One of my favorite insights into the great American Experiment was brilliantly articulated by Andrew Reed, a British religious minister, who visited the United States in 1834. He writes: “America will be great if America is good. If not, her greatness will vanish away like a morning cloud.” Long falsely attributed to de Tocqueville, one the most enlightened observer of the still young America, the quote nonetheless captures several sentiments of the still relevant masterpiece “Democracy in America”.
The human condition, though at times cruel and fragile, is often redeemed by the ability of some people to elevate and multiply their contributions to goodness in particularly difficult times. This community is blessed by the high proportion of this kind of remarkable individuals living among us.
On Veterans Day, I went to the Civic Center to be Covid tested. As I waited my turn in the drive-through line, I observed a number of ladies working in the cold while standing in the snow. They were smiling, kind and thoughtful in spite of the uncomfortable environment. It is an admirable gift to be able to do that. These ladies are a gift to our community. The staff collecting the testing samples were equally helpful and gracious just as I invariably found the Health Dept. team to be since I have been deemed a close contact.
There is so much tireless work and selfless dedication invested into trying to keep us safe in this pandemic. This piece is an expression of sincere gratitude to those taking part in this battle. This piece is also an appeal to the community at large to strengthen our efforts and follow scrupulously all the now familiar guidelines and restrictions. They work and complacency destroys.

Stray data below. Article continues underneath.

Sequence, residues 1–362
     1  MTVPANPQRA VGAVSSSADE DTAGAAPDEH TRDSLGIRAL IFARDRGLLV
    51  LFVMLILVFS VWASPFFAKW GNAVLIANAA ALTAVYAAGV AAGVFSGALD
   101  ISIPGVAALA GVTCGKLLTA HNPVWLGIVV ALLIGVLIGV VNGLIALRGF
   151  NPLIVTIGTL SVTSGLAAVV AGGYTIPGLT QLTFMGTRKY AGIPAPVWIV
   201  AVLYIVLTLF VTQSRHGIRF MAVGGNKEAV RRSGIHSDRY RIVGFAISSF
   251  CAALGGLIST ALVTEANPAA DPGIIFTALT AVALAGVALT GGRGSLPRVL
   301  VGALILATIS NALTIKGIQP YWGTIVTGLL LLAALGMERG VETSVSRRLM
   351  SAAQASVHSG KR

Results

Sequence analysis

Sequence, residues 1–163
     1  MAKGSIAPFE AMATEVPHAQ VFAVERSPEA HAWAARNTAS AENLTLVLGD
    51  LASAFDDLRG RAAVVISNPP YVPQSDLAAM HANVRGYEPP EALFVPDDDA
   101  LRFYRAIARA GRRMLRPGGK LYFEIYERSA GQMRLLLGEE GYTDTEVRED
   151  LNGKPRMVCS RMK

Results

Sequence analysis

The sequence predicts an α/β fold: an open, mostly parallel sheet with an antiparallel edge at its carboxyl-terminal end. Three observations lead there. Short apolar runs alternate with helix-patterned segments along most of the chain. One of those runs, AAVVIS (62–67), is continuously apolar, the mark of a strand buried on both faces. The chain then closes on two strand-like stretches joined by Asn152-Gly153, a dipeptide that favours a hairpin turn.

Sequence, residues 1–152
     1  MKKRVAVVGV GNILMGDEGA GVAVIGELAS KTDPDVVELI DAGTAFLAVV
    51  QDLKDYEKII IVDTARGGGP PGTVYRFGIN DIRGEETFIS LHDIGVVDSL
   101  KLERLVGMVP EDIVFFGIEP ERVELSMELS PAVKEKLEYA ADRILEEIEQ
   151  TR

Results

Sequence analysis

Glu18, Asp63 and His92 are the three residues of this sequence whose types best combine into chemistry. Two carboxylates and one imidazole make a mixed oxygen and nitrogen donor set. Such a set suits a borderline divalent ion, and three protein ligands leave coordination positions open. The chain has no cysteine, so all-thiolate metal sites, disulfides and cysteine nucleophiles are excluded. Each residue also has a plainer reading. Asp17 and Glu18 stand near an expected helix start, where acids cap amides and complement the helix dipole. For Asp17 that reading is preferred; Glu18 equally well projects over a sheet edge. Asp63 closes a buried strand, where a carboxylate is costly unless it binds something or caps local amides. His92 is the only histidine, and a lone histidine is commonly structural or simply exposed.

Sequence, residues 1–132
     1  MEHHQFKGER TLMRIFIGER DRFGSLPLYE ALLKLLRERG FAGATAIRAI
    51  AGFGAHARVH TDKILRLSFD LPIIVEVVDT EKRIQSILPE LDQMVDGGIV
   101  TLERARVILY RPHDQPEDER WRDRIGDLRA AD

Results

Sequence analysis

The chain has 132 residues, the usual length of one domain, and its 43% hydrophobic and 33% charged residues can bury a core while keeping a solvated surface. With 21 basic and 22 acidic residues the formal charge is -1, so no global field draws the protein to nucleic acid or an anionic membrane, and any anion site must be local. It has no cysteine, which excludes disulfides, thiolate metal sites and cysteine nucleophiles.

The staff of Community Health, St James Healthcare, BSB Health Dept., Mercury Medical, nursing homes and others count on our commitment to protect ourselves and others. We owe it to them. We have a sacred duty to help them. Our local businesses deserve credit for having made the necessary accommodations to facilitate all the safety measures. There is absolutely no excuse for not cooperating.
In preparation for a solemn commemoration, in partnership with the Butte Archives, I researched for almost a year the human drama and the emotional landscape of the 1918 Influenza pandemic. One of the clearest conclusions that I was able to draw from the study is that the resistance to relatively minor sacrifices by a few led to the infliction of immensely painful sacrifices on many. That heartbreak is still an element of the trauma deep inside Butte’s collective memory.
We must not repeat this tragic history. Wearing a mask, keeping physical distance and avoiding gatherings are insignificant sacrifices compared to having, on a ventilator, someone whom you love and cannot even visit.
The conscientious core of this country seems to me to be unraveling and our ethical compass needs repair. Moral clarity has become increasingly elusive. It should not be this disastrously difficult to distinguish real from illusory, good from bad, true from false, honest from dishonest. And yet, in this atmosphere, I continue to passionately believe in the incomparable power of goodness. It is a power to heal, to reconcile and to prevail against this pandemic.
It is an attitude that sounds quaint, even naïve and unsuited to the age but it has warmed my heart lately to see that so many here share the same belief. It is good to live in a place with a beautiful soul.
Father Patrick Beretta is parish priest at St. Patrick and Immaculate Conception Catholic Churches and is also chaplain to Montana Technological University.
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